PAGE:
It is in two parts: one written by Brendan Cowell (Dog Part) and the other by Lally Katz (Cat Part)
They are both prominent in Australian theatre. Cowell lives in downtown Newtown and Katz is one of Melbourne’s great comedic playwrights. She is also a great actress, though she doesn’t appear in her play.
It’s not the tune but what a musician does with the tune that often gives a piece its special quality.
The same goes for a writer…it’s not so much the subject, but how a writer plays/works with it, the composition, if you like, that can give a play its appeal, its resonance.
There’s some interesting touches and tones that playwright Benedict Hardie brings to the perennial theme that exists within THE BOAT PEOPLE.
The play is about the steps that people go about to rebuild their lives in their new homeland and the baggage and the struggles that they have gone through in getting ‘here’ and the touch balancing acts involved.
Benedict Hardie helms his own play and realises a strong production. The show goes 100 minutes straight through and the cast keep up a good energy all the way through.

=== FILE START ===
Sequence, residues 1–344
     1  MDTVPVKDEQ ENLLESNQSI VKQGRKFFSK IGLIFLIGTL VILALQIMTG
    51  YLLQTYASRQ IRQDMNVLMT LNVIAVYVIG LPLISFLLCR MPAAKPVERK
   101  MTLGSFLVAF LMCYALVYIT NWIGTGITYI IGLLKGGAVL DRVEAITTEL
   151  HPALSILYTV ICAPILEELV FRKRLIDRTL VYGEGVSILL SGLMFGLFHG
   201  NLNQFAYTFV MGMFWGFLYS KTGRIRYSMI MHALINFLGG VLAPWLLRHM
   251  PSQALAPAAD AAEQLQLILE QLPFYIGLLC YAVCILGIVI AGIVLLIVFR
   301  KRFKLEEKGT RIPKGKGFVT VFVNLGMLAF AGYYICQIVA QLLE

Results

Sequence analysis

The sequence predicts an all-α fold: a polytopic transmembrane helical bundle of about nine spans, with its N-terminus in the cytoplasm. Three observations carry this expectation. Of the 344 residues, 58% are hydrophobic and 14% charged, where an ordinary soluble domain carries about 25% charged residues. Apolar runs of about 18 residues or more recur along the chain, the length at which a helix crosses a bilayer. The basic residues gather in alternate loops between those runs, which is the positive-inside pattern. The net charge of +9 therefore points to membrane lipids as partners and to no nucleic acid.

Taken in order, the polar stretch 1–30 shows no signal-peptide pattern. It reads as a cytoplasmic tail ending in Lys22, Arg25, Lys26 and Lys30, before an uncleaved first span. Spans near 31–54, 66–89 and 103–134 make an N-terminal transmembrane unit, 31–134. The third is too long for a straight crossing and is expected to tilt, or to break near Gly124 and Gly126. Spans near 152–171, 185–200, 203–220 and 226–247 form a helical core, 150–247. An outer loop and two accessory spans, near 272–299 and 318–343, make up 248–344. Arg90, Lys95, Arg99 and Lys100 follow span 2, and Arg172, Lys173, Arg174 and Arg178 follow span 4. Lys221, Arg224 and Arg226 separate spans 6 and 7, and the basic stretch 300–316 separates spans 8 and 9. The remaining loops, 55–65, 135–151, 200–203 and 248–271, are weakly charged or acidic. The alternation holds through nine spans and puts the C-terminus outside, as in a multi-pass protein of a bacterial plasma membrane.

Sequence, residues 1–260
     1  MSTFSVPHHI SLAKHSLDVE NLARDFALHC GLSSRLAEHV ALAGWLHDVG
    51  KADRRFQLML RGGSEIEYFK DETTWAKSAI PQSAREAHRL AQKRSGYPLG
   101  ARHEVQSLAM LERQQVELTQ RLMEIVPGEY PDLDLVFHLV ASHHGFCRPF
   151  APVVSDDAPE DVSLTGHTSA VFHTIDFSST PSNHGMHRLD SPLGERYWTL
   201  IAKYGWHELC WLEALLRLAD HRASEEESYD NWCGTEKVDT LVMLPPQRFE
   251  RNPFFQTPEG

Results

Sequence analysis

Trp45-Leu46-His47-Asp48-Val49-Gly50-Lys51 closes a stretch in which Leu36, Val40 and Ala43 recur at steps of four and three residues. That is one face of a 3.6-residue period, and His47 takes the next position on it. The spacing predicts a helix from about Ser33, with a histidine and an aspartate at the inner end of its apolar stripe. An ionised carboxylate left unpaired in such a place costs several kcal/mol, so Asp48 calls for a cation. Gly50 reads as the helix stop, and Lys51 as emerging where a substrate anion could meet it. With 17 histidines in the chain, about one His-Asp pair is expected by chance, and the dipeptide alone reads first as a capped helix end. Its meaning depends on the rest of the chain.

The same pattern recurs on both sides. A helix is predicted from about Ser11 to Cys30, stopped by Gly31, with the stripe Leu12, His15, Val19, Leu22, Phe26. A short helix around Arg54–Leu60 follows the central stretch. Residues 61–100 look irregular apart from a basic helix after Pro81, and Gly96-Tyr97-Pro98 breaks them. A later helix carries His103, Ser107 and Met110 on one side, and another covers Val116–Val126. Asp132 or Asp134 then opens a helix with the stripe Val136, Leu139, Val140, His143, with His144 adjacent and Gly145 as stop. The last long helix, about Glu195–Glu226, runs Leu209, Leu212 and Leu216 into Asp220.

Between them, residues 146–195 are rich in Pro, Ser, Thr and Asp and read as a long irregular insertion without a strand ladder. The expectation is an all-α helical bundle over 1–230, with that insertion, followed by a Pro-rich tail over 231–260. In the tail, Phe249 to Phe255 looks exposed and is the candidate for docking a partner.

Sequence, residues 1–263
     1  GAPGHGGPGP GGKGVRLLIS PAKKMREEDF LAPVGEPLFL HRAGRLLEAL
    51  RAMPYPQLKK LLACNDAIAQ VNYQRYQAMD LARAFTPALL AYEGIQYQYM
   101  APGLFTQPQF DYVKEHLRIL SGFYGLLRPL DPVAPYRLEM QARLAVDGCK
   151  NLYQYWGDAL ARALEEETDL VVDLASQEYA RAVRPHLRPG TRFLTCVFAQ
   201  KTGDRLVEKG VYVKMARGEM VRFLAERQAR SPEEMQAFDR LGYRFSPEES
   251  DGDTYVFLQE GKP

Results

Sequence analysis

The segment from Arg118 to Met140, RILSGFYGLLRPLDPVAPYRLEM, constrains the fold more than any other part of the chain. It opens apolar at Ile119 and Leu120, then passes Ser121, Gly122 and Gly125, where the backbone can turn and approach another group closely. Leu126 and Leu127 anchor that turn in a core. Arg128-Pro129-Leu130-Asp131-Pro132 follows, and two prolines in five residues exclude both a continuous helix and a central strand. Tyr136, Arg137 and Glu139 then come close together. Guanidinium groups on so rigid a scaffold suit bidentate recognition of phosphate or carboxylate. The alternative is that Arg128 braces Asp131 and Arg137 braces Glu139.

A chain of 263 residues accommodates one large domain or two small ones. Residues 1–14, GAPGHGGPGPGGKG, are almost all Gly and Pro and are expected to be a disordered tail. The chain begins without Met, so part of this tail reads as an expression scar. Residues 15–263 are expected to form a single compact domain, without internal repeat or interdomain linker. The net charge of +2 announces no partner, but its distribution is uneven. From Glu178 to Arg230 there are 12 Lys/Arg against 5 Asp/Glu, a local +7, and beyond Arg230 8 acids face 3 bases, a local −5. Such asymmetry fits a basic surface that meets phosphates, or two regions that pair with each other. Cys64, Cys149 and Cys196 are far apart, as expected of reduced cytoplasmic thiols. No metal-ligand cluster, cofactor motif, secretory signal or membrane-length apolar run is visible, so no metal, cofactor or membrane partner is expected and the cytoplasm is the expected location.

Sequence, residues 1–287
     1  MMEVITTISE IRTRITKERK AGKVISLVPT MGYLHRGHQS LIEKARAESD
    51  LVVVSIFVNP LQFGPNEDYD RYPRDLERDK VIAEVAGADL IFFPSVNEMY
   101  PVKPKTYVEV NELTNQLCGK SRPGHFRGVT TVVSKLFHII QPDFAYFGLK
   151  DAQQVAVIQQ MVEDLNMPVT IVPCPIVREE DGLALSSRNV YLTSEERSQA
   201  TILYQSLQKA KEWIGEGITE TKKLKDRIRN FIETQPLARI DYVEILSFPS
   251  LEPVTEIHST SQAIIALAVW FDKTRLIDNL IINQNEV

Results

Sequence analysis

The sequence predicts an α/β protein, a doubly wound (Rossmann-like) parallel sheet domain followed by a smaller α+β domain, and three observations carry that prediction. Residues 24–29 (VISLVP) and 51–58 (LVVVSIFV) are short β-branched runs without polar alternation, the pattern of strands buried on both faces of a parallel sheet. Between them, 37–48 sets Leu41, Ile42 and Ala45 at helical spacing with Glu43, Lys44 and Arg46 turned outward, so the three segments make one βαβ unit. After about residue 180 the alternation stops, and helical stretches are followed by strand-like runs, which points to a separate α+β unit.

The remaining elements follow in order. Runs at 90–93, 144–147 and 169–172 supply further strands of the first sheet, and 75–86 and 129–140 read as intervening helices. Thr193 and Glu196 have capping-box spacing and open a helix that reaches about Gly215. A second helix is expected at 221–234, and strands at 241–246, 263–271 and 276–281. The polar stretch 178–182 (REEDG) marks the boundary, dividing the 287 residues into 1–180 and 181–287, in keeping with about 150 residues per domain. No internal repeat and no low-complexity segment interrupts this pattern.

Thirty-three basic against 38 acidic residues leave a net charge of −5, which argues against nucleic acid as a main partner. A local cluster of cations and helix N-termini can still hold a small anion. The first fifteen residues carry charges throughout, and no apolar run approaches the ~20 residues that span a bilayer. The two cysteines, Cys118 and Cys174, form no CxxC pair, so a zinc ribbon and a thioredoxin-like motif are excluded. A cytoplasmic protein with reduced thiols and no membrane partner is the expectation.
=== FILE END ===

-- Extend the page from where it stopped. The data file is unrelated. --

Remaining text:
As the two former refugees, Susie Youssef plays the very ambitious Sarah and William Erimya plays her companion Karl, a troubled but jokey soul.
Emily Rose Brennan primarily as a pushy journalist and Luke Joseph Ryan mainly as an equally pushy, though in an all together way, physical trainer in the supporting roles.
THE BOAT PEOPLE is set in Sarah and Karl’s living room of their upmarket house with its all glass outlook as deftly suggested by Michael Hankin’s design.
Recommended, THE BOAT PEOPLE, a co TRS and Hayloft Project production, plays at the Bondi Pavilion Theatre until 21st June.
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